School board has tentative budget

B y Jaime Thomas

The Granville school board passed a tentative final budget following a workshop Monday night.

There will be a 2.5 percent tax increase, which will raise the levy $167,000 from $6,661,872 to $6,828,419. Board members could have raised the tax levy as much as 4.8 percent but voted several weeks ago to keep it low.

In order to balance the budget, however, officials had to borrow $1,200,000 from their fund balance.

“We’re hoping to hear by the end of the week that we’ll get some more money from the state,” said Cathy Somich, district business manager. She said the New York legislature has tentatively agreed to restore some aid, and whatever Granville realizes out of this will be used to replace the fund balance.

Somich blames much of the district’s financial duress on the Gap Elimination Adjustment, which is aimed to help schools throughout the state but hurts those in high-need districts. Granville, who she said is very dependent on state aid, has lost more than one million each year since 2008.

“If you don’t have fund balance to bridge the gap, you’re kind of stuck,” she said, mentioning schools in western New York who are currently filing insolvency. Granville will have to do the same in four years if more aid doesn’t come from the state, or if the economy doesn’t significantly improve.

“We have enough to get through three years; after the third year we’re completely wiped out,” Somich said.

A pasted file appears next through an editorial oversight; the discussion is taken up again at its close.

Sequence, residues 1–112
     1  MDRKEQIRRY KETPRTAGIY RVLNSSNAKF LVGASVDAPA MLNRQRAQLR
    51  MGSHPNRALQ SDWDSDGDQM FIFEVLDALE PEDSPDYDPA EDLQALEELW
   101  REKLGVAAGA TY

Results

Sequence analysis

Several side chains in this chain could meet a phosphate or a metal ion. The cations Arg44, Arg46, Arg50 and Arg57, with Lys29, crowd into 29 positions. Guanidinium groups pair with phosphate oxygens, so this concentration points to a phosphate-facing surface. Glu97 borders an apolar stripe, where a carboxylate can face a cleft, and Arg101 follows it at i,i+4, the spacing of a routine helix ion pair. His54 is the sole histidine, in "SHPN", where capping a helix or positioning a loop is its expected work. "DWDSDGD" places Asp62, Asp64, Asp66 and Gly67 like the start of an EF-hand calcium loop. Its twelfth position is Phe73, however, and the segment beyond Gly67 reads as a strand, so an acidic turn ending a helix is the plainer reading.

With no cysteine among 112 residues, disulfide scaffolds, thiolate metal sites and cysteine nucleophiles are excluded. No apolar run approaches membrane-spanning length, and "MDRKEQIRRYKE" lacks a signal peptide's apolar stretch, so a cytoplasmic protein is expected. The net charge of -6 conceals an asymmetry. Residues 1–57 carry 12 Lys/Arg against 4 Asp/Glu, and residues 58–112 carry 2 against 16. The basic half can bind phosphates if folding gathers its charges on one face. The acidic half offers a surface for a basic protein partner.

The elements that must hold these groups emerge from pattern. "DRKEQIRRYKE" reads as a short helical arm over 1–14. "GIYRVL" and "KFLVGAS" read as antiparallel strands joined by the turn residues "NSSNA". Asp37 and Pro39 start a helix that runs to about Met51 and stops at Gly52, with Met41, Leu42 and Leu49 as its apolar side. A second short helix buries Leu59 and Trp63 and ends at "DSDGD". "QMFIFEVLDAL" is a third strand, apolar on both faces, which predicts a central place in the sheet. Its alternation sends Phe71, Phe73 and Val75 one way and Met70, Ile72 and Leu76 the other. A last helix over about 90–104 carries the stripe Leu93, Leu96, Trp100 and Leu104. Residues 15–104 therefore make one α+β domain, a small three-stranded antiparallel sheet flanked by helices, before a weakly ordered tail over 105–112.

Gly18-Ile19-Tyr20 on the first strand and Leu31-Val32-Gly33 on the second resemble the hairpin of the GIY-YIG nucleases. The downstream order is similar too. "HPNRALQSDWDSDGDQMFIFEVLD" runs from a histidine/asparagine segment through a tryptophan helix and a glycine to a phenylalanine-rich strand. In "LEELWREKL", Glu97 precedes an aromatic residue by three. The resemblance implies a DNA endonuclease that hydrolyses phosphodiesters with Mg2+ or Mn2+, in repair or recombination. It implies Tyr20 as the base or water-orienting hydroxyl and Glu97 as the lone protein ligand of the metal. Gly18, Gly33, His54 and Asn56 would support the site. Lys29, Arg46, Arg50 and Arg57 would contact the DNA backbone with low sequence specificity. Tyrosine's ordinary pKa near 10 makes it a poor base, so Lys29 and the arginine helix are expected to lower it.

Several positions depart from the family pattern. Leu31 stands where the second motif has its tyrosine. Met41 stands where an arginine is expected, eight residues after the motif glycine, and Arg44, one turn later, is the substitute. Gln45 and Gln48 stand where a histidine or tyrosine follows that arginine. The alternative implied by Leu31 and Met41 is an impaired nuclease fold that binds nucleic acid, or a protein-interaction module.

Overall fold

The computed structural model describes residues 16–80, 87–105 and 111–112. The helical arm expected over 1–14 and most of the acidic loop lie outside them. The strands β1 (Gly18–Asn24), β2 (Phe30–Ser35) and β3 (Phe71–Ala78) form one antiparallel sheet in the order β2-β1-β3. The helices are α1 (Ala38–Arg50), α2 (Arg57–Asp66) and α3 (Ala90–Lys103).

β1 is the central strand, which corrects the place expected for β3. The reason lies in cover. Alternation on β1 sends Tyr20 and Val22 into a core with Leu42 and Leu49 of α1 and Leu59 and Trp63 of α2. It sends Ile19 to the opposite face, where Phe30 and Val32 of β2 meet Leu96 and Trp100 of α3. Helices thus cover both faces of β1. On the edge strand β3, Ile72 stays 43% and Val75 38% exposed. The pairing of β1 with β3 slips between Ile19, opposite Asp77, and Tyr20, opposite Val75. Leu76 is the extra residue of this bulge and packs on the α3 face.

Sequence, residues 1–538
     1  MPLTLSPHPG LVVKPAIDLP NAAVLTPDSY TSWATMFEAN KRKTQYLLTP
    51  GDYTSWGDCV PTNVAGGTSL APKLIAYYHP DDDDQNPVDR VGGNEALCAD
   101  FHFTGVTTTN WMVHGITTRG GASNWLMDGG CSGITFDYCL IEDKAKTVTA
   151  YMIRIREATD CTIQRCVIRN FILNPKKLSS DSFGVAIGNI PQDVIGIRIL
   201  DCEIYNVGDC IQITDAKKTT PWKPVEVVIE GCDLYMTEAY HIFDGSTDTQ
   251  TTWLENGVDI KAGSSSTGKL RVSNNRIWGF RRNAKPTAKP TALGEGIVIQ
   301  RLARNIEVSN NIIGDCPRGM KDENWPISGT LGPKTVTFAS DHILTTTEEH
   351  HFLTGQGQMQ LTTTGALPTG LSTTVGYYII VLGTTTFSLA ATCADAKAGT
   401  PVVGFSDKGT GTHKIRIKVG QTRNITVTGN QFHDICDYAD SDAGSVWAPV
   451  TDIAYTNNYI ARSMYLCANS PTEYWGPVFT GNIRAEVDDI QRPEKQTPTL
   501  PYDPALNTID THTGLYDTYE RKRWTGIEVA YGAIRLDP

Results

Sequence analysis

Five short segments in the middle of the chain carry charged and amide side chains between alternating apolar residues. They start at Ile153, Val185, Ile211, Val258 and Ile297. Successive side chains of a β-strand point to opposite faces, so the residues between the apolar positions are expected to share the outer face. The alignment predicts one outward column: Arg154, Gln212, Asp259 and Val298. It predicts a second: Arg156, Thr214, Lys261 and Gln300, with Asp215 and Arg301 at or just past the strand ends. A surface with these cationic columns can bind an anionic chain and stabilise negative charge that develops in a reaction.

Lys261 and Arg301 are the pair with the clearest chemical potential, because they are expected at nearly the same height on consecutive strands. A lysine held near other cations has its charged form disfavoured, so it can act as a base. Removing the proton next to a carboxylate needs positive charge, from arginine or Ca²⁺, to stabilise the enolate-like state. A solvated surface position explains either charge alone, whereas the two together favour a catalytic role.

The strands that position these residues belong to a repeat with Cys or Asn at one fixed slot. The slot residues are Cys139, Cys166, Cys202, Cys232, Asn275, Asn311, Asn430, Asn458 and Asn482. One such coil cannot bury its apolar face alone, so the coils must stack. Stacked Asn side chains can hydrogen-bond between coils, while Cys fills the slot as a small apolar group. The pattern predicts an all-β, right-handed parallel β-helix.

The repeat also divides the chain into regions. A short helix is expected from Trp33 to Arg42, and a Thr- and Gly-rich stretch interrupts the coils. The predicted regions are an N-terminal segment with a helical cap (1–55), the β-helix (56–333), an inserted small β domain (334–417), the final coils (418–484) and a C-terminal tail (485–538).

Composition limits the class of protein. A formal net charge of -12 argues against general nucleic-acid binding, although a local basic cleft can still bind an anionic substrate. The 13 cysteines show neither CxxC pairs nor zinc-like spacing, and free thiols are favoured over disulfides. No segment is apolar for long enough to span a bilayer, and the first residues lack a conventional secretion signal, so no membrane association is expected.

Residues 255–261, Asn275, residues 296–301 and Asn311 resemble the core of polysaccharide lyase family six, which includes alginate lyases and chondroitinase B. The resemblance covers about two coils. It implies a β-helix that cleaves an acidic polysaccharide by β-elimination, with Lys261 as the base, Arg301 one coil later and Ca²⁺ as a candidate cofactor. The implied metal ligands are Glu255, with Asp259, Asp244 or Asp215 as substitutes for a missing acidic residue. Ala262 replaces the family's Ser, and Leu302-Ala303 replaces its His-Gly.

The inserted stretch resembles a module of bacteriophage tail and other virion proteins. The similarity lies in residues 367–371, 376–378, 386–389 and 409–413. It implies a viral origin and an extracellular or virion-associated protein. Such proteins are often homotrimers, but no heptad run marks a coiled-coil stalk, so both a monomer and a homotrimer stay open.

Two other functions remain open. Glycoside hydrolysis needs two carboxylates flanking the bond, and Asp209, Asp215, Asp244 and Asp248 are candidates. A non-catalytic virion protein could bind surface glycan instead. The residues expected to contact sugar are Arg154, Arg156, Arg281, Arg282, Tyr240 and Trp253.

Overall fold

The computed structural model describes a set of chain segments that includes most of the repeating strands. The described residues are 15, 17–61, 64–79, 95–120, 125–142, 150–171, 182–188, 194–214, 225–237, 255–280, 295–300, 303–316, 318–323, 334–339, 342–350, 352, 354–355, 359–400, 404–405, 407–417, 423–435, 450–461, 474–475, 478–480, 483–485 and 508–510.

The $25,000,000 total budget includes a $485,000 increase from last year, or just under 2 percent.

As far as savings, Camille Harrison, Director of Special Education, mentioned the district is moving speech, occupational and physical therapy to an outside vendor, which will save $100,000.

Other unavoidable increases include teachers’ retirement, which is going up by about 4 percent, and health insurance costs, which are rising by 7.5 percent. There will also be a 1.88 percent increase in administrative costs due to contracted salary negotiations.

The board raised Vermont state tuition to $8,200 per year, which is a 2.5 percent increase. They will vote on the budget at the April 15 meeting.

On Monday night, board member Suzanne McEachron asked if the board could ask for bids for an outside contract in the cafeteria. Somich had reported a $24,000 year-to-date loss in the cafeteria, due to the child nutrition bill.

“Other schools are dumping the program; we cannot,” Somich said, and she told McEachron that the union protects workers from contracting out while they are employed.

But McEachron said she wanted the issue to be explored.

“Can we put the fishing hooks out? I think we’re foolish not to look under every rock,” she said. Somich agreed to do so and made clear that the financial loss is not due to the staff, because she said they do an excellent job.

During the meeting, a student, Marc Billow, told the board the Vex Robotics team has surpassed their goal for fundraising for their upcoming trip to Anaheim. He gave special thanks to board member Dan Nelson, who petitioned on their behalf with various local businesses.

“It means a lot to have the community come together for a trip like that,” Billow said. So far, the community has donated $3,300 toward the students’ trip. The board had agreed to match anything up to $2,500, and members voted to use the extra money to fund teacher Gary Gendron’s trip as well.

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